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Welfare Payments and Crime

  • C. Fritz Foley
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    This paper tests the hypothesis that the timing of welfare payments affects criminal activity. Analysis of daily reported incidents of major crimes in twelve U.S. cities reveals an increase in crime over the course of monthly welfare payment cycles. This increase reflects an increase in crimes that are likely to have a direct financial motivation like burglary, larceny-theft, motor vehicle theft, and robbery, as opposed to other kinds of crime like arson, assault, homicide, and rape. Temporal patterns in crime are observed in jurisdictions in which disbursements are focused at the beginning of monthly welfare payment cycles and not in jurisdictions in which disbursements are relatively more staggered.

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    File URL: http://www.nber.org/papers/w14074.pdf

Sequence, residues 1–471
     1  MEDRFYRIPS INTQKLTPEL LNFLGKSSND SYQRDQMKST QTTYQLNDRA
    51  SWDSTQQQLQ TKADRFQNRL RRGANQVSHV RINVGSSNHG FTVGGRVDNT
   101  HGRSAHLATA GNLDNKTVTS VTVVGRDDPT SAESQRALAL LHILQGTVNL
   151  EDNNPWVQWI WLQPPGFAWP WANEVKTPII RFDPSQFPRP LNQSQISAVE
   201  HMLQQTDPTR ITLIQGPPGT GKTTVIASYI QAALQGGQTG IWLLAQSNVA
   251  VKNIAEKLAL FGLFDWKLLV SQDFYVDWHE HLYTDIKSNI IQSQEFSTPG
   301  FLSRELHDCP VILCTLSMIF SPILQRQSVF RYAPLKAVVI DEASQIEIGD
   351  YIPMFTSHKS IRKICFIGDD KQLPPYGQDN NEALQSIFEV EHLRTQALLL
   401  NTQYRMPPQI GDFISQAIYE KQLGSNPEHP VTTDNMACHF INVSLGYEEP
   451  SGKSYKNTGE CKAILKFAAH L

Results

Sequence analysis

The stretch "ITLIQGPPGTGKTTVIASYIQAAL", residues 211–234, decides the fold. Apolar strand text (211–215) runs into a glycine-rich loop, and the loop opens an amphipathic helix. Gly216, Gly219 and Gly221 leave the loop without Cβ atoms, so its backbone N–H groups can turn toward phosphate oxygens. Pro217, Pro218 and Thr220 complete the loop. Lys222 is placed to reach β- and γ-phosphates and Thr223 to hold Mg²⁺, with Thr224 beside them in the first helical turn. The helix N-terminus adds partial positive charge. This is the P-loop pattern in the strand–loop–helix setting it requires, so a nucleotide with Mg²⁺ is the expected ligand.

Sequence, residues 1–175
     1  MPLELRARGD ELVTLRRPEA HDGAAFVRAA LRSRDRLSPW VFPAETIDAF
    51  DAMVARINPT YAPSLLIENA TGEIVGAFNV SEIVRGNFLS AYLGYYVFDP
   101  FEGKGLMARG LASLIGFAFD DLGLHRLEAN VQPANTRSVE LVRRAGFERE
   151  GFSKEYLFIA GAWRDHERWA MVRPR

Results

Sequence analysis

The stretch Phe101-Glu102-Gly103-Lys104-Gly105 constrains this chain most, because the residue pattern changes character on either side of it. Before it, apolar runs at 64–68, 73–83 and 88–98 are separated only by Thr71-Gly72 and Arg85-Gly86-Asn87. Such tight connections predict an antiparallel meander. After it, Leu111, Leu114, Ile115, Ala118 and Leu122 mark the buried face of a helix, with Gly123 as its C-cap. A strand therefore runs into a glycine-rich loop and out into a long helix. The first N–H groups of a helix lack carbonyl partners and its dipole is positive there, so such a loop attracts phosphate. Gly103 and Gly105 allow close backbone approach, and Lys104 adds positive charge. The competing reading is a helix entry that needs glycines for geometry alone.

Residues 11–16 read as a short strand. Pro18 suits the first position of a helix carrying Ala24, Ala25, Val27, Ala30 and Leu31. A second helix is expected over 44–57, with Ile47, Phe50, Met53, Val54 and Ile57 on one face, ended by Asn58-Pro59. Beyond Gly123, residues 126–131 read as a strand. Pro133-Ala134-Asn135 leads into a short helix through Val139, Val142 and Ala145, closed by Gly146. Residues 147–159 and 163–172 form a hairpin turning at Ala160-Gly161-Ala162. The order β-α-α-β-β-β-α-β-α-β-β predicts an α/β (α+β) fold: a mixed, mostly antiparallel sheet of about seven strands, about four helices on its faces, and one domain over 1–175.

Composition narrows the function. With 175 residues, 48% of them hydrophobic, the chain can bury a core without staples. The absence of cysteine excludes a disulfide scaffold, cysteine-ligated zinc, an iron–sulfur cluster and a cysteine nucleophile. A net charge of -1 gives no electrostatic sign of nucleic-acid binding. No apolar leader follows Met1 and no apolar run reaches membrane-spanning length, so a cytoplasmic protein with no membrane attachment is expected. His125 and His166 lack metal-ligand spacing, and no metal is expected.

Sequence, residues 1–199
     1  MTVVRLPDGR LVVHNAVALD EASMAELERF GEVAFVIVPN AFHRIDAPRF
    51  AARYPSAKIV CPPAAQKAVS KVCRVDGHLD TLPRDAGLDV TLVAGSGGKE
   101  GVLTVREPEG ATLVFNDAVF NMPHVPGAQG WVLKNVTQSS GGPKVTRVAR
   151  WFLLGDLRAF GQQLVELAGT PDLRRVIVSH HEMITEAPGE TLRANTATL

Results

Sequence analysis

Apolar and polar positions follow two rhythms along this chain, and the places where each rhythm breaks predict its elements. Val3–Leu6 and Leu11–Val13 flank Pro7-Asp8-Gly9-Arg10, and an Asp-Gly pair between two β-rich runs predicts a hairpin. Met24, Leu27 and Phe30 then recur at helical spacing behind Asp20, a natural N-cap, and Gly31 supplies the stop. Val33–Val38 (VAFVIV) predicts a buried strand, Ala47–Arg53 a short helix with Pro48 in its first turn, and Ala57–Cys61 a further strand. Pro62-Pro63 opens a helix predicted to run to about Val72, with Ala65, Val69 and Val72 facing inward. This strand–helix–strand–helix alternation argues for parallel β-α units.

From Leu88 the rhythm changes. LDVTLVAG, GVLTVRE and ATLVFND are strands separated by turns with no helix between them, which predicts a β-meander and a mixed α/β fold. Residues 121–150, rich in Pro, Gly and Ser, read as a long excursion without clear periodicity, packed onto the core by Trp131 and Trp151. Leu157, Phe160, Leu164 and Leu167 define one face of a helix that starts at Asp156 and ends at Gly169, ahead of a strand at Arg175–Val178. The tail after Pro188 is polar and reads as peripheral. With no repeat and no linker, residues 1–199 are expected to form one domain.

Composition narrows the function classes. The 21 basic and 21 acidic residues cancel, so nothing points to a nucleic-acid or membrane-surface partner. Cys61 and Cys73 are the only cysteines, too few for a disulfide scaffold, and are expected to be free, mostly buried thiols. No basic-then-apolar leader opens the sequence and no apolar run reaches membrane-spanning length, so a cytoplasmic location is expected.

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    Paper provided by National Bureau of Economic Research, Inc in its series NBER Working Papers with number 14074.

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    Date of creation: Jun 2008
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    Publication status: published as Fritz Foley. "Welfare Payments and Crime." Review of Economics and Statistics, 93, no. 1 (February 2011): 97-112.
    Handle: RePEc:nbr:nberwo:14074
    Note: LE PE
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    1. Matthew Rabin & Ted O'Donoghue, 1999. "Doing It Now or Later," American Economic Review, American Economic Association, vol. 89(1), pages 103-124, March.
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    19. repec:mpr:mprres:1253 is not listed on IDEAS
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